“We’d still have had a tough game against Argentina but we’d have fancied our chances against that side. They didn’t have a lot of top players, they were just a bit physical. They spoiled every game they were in.”
Getting Paul Gascoigne to join Tottenham
“I would have loved to have spent a year playing with Gary Lineker at Tottenham; me and Gazza [Paul Gascoigne] used to pester him at every England camp to come back from Barcelona and sign for Spurs.
“We used to ask him every time we got together if he was coming back to England, until he said “yeah, probably”, and from then on we pestered him to come to Tottenham. I told him he’d get 50 goals a season for us. Whatever the record was at the time for goals scored in a season, I told Gary he’d have smashed it for us.
“Me and Gazza would tell him we’d create so many chances for him throughout a season, and you could see Gary thinking about it.
“He definitely liked the sound of it. That was his job; scoring goals, so you could see he was thinking about playing with me and Gazza behind him for Tottenham. He signed for us on the Monday, and I left on the Wednesday!
“The next time we met up was with England; I was at Marseille and he was at Spurs. I can’t tell you the exact words he said to me when he saw me in that reception room. But we laughed it off straight away. I always wondered what it would’ve been like playing with him in that season.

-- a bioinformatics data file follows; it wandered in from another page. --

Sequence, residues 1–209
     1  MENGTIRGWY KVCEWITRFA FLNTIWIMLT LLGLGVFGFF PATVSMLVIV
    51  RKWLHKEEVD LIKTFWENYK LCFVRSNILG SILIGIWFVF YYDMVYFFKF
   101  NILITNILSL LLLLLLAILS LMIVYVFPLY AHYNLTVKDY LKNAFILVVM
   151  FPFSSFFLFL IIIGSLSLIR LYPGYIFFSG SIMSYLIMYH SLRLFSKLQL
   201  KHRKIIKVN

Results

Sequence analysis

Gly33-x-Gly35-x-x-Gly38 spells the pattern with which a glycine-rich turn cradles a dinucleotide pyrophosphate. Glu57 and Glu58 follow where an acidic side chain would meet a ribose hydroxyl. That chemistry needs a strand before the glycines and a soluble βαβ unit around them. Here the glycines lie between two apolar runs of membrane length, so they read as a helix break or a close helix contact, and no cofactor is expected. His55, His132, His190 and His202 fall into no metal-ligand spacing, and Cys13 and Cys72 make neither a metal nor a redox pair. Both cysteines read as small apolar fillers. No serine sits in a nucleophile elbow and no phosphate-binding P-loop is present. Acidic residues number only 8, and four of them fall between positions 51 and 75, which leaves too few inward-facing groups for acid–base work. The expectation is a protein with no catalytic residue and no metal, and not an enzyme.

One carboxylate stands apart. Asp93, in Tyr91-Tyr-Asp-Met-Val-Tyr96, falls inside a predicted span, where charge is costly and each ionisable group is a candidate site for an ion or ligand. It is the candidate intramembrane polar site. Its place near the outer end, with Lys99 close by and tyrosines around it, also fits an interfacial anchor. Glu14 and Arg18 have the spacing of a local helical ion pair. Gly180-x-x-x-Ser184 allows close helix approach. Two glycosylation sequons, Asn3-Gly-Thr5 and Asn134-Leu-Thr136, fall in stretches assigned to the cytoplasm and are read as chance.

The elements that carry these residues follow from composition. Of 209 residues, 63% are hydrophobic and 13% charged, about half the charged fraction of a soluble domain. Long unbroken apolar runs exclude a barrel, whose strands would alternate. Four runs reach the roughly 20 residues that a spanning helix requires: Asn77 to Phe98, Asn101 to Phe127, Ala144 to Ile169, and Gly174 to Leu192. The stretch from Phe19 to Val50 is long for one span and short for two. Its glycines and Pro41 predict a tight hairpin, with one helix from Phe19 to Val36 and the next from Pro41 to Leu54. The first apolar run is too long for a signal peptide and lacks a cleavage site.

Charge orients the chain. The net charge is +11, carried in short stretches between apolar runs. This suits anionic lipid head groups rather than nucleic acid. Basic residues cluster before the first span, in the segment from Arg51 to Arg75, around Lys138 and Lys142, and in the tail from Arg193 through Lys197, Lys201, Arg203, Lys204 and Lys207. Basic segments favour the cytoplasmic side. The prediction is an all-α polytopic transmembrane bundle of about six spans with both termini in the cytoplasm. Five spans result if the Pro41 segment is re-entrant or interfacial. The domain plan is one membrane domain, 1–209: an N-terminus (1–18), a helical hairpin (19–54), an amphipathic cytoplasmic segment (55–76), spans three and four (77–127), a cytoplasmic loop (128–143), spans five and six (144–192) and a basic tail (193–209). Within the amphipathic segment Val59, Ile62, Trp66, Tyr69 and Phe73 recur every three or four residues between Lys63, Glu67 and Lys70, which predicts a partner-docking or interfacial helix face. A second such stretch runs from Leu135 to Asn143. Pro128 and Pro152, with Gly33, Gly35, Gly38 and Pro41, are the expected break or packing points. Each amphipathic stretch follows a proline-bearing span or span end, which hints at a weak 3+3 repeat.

“I’m not saying we’d have won the league, but we’d have scored a lot of goals between us; I know that much.”
On Gary Lineker
“You could always see that Gary [Lineker] was going to get into presenting. Even when we used to join up together for England in the early 1990s, he used to interview us. He used to sit us down – me and Gazza – in a room, and he’d interview us as if he was Des Lynam.
“He used to say that’s what he wanted to do after football; he knew that early on in his career. He knew he was going to be on TV. Every time we met up he’d sit and interview us, and he’d get feedback. He was already getting the practice in and the experience under his belt.
“He’s done really well for himself, Gary. He’s been on the other side of it as well, having been a player, so it must be strange for him at times because he must be tempted to answer himself. But he’s excellent at his job, he really is.”
On playing in Marseille
“The young English lads who make that move abroad deserve a lot of credit for making that decision. I’ve always been a fan of youngsters playing in a foreign country because you adapt your game so much and you learn so many different things.
“The biggest difference for me when I joined Marseille, obviously, was the language. I could only count to 10 in French, and I could say hello and goodbye. That’s all I could do.
“There are some players in that team who I actually didn’t speak to for months, because I couldn’t speak French and their English wasn’t the best.
“But eventually I found that a lot of the players used to use me to practice on their English. So they’d come and have a conversation with me and I’d correct them if they made any mistakes. So they all ended up with this Geordie twang.